BELFAST, Maine — Every Saturday from May to November for the past 14 years, farmer Mark Guzzi of Peacemeal Farm in Dixmont has risen before dawn, loaded up his trucks and headed to the Orono Farmers Market, where he often finds his customers already in line.
Guzzi said Friday that there are lots of positive developments in Maine agriculture — an expanding customer base, a greater effort to produce diversified crops, and a greater profit — but there are also issues for developing markets. These include space, fee structures, how to expand and a half-dozen other details of managing a successful and growing market.
Guzzi was one of more than 100 Maine farmers, producers and agriculture officials who attended the third annual Maine Farmers’ Market Convention Friday to get help with those issues and to continue working to expand the availability of local foods across the state.
Judy Blaisdell of the Maine Department of Agriculture said the state has 99 official farmers markets, ranging from some that were established more than 30 years ago to startup markets that are organizing.
From round-table discussions throughout the day, several things were clear: Maine agriculture is thriving; Maine consumers are demanding high-quality local food; and an abundant diversity is key to the success of Maine’s farmers markets.
Along with vegetables, meat and dairy, Maine’s farmers markets are offering everything from concerts to children’s entertainment and food stamp machines.
“This is a very exciting time for farmers and markets,” Blaisdell said. “This type of networking is exactly what we need.”
Blaisdell said all of the various workshops and discussions held Friday were scheduled because the farmers and the vendors specifically asked for them at last year’s event.
Some of the workshops covered topics such as EBT marketing for food stamp customers, year-round markets, social networking strategies, how municipalities can support farmers markets, food safety, insurance and event planning.
Roxanne Eflin, program director of the Maine Downtown Center, said farmers markets have evolved from a wooden crate filled with squash by the side of the road to economic engines that are revitalizing downtown areas and becoming an integral part of the local business scene.
“Local markets keep money locally,” she said. Success stories abound, she said, such as the partnership between the town of Skowhegan’s doctors and its farmers market. At every local doctor’s visit, patients are presented with a $5 voucher to be used at the market.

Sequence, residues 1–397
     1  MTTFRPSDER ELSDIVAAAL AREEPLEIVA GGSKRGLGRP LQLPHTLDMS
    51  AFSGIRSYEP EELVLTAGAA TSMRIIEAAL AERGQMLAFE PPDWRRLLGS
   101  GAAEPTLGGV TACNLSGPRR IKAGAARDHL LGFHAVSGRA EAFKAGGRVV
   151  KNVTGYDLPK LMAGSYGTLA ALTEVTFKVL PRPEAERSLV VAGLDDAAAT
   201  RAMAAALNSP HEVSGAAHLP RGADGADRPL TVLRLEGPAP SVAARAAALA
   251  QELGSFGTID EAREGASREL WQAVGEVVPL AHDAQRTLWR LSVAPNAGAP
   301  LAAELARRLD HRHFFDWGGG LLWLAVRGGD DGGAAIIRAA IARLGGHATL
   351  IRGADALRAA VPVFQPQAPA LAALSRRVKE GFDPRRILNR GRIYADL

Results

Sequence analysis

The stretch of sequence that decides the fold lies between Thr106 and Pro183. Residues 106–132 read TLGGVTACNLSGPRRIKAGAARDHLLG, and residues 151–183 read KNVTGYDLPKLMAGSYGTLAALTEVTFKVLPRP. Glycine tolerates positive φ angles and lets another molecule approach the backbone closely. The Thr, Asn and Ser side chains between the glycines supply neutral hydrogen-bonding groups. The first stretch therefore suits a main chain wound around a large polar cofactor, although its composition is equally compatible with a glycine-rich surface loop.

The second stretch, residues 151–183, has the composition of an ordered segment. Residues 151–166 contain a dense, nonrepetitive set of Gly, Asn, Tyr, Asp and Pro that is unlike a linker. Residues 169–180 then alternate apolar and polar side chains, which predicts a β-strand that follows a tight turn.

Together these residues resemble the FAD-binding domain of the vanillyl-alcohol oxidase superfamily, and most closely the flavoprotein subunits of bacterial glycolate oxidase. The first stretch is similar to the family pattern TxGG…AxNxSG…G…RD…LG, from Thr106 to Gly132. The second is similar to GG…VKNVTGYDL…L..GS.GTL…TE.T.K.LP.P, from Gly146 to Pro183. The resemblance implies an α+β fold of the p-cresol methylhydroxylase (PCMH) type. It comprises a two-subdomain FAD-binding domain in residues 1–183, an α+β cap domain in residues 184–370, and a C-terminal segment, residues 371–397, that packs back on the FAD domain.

Barrels is a downtown Waterville store that features all Maine produce, meats, dairy and other foods that “is blowing the doors off all projections,” Eflin said.
The partnership between municipalities and farmers markets is mutually beneficial, said Kelly Veral of the Project for Public Spaces, based in New York City.
She said the immediate benefits to a community when a farmers market is established includes neighborhood and downtown renewal, the blending of diverse people, the creation of an active public space, economic opportunities, the promotion of public heath, and a bridge between urban and rural economies.
Daily access to local food is so important in some places, such as Barcelona, Spain, she said, that there is a law in place requiring a public market within a 10-minute walk of every resident.
“There are 42 farmers markets in the city of Barcelona,” Veral said. “What a vibrant economy this has fostered.” In Detroit, Mich., the city has committed itself to bolstering access to local foods with a $50 million investment in farmers markets.
Other ways that municipalities can help farmers markets is by providing space, helping with signage and permits, accessing funds, assisting with marketing and installing land use protections.
“Downtown revitalization is all about community and getting everyone engaged,” Eflin said. “Link the market with local restaurants. Link it with local art walks. Host a market photo contest. Make it a party and add music.”
Some Maine communities also have authorized their local general assistance administrators to provide vouchers for the market to be used by those in need of food.
The convention, sponsored by the Down East Business Alliance, the Quimby Family Foundation, the Maine Organic Farmers and Gardeners Association, Johnny’s Selected Seeds, Farm Credit East and Bangor Savings Bank, will continue Saturday, Jan. 29, when discussions will focus on the creation of a statewide farmers market association.
“This could be a strong voice for Maine agriculture, particularly in the Legislature,” Blaisdell said.